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If you’re wondering what a nonverbal communication example is, you’re not alone! Unfortunately, most people have a hard time pinpointing examples of nonverbal communication. That’s because nonverbal communication includes everything we do and say when we aren’t speaking!
It can be tough to identify all the different types of nonverbal communication, but you can start using them once you know what they are. So, what are some common nonverbal communication examples? Read on to find out!
What is a Nonverbal Communication?
Most of us are unaware that the majority of our communication is nonverbal. By definition, nonverbal communication is the transmission of messages or signals through a nonverbal platform such as eye contact, facial expressions, gestures, posture, and body language. In addition, it includes the use of social cues, kinesics, distance and physical environments/appearance, voice, and touch. There are four primary routes to attitude change: central cues, information dissemination & education, emotional contagion, and persuasion.
Out of these four routes, central cues have been found to be the most influential. Central cues are determined by a person’s ability to pay attention and accurately interpret the message that is being conveyed. In other words, central cues are about how we process information and make sense of the world around us. Because they are so influential, it’s essential to be aware of the nonverbal cues we send and receive daily. With this knowledge, we can then use nonverbal communication to our advantage in both personal and professional situations.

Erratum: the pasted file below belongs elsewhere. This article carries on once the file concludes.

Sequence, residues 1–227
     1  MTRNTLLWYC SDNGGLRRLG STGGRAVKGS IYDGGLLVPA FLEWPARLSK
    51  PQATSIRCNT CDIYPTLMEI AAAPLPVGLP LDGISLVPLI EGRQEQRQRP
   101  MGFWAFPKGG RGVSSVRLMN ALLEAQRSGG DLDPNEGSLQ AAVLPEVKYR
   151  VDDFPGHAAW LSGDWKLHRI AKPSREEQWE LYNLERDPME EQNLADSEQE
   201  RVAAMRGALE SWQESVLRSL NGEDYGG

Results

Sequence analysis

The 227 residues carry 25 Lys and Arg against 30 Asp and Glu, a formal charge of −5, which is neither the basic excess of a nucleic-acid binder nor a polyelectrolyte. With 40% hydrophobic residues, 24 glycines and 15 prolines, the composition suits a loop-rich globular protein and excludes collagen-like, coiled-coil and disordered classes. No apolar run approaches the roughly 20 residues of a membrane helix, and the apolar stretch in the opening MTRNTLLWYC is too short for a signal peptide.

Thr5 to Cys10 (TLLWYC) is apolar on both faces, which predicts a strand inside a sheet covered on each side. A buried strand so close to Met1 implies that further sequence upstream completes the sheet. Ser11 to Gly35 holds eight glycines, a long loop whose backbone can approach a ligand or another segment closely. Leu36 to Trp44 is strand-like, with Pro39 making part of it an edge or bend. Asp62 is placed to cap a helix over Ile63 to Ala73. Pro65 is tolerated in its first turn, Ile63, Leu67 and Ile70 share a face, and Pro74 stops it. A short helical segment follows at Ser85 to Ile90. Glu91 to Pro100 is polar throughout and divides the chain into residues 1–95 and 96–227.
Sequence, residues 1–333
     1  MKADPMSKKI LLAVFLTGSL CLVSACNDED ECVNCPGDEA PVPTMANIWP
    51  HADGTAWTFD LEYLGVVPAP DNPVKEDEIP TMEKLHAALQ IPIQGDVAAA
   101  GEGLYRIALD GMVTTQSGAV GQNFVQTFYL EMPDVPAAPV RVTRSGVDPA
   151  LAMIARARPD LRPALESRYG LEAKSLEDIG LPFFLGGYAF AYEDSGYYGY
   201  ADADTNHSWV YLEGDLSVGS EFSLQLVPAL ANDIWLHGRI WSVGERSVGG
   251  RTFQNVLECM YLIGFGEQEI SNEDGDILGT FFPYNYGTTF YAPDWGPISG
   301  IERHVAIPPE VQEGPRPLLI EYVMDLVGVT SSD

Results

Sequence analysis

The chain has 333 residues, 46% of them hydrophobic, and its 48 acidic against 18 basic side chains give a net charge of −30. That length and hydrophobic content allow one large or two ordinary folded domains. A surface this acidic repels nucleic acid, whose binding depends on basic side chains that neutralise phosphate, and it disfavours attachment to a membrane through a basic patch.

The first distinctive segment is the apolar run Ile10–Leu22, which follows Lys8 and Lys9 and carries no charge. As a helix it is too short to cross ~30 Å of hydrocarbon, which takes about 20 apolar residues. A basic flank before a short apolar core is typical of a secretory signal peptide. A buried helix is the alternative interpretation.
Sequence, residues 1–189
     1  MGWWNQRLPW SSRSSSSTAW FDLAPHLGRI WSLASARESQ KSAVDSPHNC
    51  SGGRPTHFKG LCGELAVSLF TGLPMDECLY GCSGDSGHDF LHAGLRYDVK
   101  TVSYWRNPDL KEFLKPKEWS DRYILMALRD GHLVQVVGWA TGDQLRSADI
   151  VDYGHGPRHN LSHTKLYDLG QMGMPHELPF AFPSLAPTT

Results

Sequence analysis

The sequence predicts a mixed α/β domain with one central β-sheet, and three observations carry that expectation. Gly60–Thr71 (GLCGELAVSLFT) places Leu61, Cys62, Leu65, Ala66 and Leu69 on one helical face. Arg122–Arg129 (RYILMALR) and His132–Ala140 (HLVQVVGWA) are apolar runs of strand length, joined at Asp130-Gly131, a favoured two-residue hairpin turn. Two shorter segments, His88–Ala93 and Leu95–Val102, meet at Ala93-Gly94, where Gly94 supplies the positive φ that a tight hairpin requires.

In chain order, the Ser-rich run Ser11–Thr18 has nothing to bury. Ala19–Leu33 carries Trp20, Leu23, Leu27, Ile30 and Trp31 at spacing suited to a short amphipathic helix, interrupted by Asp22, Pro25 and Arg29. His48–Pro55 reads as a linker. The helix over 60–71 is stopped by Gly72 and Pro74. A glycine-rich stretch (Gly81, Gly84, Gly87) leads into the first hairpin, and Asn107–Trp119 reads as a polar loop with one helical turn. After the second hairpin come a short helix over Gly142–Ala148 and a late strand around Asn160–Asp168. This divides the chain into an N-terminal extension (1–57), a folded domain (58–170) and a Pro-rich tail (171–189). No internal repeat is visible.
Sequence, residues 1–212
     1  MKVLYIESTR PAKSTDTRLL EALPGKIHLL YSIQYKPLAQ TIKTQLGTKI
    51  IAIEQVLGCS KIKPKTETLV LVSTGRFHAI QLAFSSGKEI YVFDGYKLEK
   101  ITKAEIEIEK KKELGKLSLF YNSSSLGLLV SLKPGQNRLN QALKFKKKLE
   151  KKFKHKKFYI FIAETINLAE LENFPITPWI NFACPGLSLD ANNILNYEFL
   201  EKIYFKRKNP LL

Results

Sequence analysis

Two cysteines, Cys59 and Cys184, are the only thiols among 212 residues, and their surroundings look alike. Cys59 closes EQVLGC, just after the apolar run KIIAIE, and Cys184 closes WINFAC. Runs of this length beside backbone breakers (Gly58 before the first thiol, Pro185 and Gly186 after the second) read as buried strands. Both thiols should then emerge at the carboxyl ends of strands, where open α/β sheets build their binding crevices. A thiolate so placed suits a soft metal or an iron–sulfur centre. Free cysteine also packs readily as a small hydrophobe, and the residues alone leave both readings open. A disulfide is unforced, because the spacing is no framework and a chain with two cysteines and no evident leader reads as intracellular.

Why is nonverbal communication important?
It is said that nonverbal communication makes up most of how we communicate with others. This is because nonverbal communication cues can provide valuable information about a situation that verbal communication might not capture. For example, if you are presenting to a group of people and see that they have their arms crossed and are not making eye contact, you might infer that they are not interested in what you are saying.
On the other hand, if you see people nodding their heads and leaning forward, you might infer that they are engaged and want to hear more. Paying attention to nonverbal cues can help you better understand how your audience receives information and how to express yourself appropriately.
When it comes to nonverbal communication, it is important to remember that one cue should never be taken in isolation but rather as part of a larger context. By considering all of the nonverbal cues available to you, you can get a complete picture of a situation and make more informed decisions.
5 Examples of Nonverbal Communication
In order to communicate effectively, it is crucial to be aware of the various forms of non-verbal communication. Here are five examples of nonverbal communication:
1. Facial expressions
Whether we realize it or not, our faces are in constant motion, conveying our innermost thoughts and feelings. A simple smile can light up a room, while a furrowed brow can indicate frustration or concern. But unfortunately, our faces can also betray our emotions, betraying how we feel even when trying to put on a brave face. In some cases, our facial expressions can be so powerful that they can override our verbal communication.